Go to the site home page
Morden Bog and Hyde Heath
Click the pic!
To aid users of mobile devices as well as those with a mouse or laptop finger pad this site uses a simple image-based menu system. Virtually every picture you see (images and photos) are links to more information arranged in a sort of top-down structure. See an image, click or tap on it to open a new page.
This site is designated as an SSSI or is part of a larger SSSI. Here are the details:
|SSSI Name||Morden Bog and Hyde Heath|
Part of the site comprises Morden Bog NNR. The site includes several nature conservation reserves managed by the Herpetological Conservation Trust and land managed for nature conservation by the Forestry Enterprise. The site has been amended by additions and deletions and consolidates three sites previously notified as Gore Heath SSSI, Morden Bog SSSI and Hyde Heath SSSI (part)
|Status||Now Featured on NoD|
|My Notes||This SSSI covers most of the heathland at the eastern end of Wareham Forest. These are mainly wet, boggy areas that escaped conifer plantation.|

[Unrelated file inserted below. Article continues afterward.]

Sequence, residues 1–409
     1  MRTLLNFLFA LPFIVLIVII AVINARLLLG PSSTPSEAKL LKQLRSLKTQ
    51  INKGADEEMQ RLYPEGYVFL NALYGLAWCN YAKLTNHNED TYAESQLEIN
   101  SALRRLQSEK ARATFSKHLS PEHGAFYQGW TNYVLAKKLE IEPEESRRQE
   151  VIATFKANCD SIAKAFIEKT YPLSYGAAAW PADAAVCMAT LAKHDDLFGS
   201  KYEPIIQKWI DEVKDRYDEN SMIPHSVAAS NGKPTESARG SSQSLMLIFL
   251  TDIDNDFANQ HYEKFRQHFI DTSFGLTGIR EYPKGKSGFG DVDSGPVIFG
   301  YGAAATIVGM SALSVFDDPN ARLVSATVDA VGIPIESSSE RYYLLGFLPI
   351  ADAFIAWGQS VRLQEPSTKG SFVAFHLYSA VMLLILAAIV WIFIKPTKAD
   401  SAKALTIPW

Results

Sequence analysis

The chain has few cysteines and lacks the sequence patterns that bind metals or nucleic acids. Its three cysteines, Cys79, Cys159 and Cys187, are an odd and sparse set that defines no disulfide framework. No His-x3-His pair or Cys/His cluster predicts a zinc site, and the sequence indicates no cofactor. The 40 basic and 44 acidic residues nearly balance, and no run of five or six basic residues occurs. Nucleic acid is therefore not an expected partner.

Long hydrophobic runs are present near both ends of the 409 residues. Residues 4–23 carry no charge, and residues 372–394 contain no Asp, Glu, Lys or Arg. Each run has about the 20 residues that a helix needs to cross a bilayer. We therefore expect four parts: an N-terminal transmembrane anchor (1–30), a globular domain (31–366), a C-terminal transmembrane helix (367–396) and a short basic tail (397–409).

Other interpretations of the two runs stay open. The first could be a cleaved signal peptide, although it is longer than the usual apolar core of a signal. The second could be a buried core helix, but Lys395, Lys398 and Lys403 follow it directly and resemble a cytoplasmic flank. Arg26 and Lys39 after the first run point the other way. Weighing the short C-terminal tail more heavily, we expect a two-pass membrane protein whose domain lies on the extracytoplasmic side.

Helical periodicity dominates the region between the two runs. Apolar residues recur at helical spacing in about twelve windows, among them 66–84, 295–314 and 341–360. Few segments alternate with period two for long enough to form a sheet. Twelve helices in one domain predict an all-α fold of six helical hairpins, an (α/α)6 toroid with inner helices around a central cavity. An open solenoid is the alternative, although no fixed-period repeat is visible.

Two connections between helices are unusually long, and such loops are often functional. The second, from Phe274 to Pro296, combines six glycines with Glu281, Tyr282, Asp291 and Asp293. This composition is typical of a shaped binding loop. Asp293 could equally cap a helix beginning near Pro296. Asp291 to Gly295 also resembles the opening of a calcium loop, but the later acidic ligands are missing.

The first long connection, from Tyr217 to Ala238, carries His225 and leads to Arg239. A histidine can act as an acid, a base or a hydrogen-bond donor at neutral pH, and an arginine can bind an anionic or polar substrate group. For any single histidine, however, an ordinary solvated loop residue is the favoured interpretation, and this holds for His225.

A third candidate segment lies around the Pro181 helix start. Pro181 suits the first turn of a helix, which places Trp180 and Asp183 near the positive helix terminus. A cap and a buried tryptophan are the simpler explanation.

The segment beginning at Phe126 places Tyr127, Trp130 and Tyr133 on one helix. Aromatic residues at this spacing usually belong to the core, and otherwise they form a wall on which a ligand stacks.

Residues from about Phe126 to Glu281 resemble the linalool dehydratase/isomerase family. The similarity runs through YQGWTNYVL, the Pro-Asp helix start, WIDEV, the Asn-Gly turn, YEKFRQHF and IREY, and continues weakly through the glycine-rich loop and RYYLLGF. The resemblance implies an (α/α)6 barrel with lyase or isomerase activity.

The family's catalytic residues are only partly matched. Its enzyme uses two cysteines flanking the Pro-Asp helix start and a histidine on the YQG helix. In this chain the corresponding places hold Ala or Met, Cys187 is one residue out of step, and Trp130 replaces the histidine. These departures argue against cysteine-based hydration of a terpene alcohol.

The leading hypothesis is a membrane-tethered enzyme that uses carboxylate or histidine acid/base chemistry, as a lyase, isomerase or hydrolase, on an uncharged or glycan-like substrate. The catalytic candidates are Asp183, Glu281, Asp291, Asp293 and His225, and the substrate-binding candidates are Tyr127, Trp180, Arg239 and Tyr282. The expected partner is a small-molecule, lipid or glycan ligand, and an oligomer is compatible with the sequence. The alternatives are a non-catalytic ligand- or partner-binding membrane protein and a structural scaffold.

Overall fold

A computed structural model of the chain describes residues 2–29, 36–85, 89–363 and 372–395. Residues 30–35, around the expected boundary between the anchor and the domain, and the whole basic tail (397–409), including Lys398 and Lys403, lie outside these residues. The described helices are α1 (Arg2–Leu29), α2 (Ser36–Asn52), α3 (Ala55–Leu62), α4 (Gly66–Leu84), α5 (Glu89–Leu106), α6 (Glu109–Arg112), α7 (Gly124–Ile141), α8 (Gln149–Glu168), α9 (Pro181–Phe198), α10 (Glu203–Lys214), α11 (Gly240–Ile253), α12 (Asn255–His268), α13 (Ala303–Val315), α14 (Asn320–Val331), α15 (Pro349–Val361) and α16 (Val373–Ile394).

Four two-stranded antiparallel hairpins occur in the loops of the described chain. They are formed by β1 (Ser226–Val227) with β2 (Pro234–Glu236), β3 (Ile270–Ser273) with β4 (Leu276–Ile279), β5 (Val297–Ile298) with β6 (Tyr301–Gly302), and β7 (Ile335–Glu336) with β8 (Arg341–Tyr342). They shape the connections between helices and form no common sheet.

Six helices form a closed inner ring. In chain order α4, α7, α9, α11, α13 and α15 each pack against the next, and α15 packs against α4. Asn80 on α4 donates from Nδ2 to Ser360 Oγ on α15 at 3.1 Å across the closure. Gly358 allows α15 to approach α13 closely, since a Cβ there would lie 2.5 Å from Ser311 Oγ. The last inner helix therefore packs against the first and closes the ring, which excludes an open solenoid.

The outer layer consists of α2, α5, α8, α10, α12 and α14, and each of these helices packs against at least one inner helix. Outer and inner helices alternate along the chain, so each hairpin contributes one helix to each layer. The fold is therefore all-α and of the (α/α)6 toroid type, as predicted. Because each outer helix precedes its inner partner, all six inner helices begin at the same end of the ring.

These sites featured on the Nature of Dorset fall within this SSSI. Click the site name to find out more about it. Alternatively, click the map logo above and see their location on a map and then view the site details from there:
|Sites featured on the Nature of Dorset within this SSSI designation (Click to view details)||Headline|
|Morden Bog National Nature Reserve||
An extensive area of wet bog in Wareham Forest surrounded by dry heath and woodland.
|Wareham Forest (Northport Heath)||
Primarily Forestry Commission plantation but with various habitats including a large reed bed at the southern end of Decoy Heath.
|Wareham Forest (Woolsbarrow)||
The site of an iron age settlement offering views across Wareham Forest and surrounded by various other habitat types
|Wareham Forest (Lower Hyde Heath)||
A circular walk around an extensive area of wet heath and bog in Wareham Forest
|Wareham Forest (Great Ovens)||
The information for this site was contributed by the late, and greatly missed, JOHN WRIGHT as part of the SANDFORD HERITAGE PROJECT year of nature recording.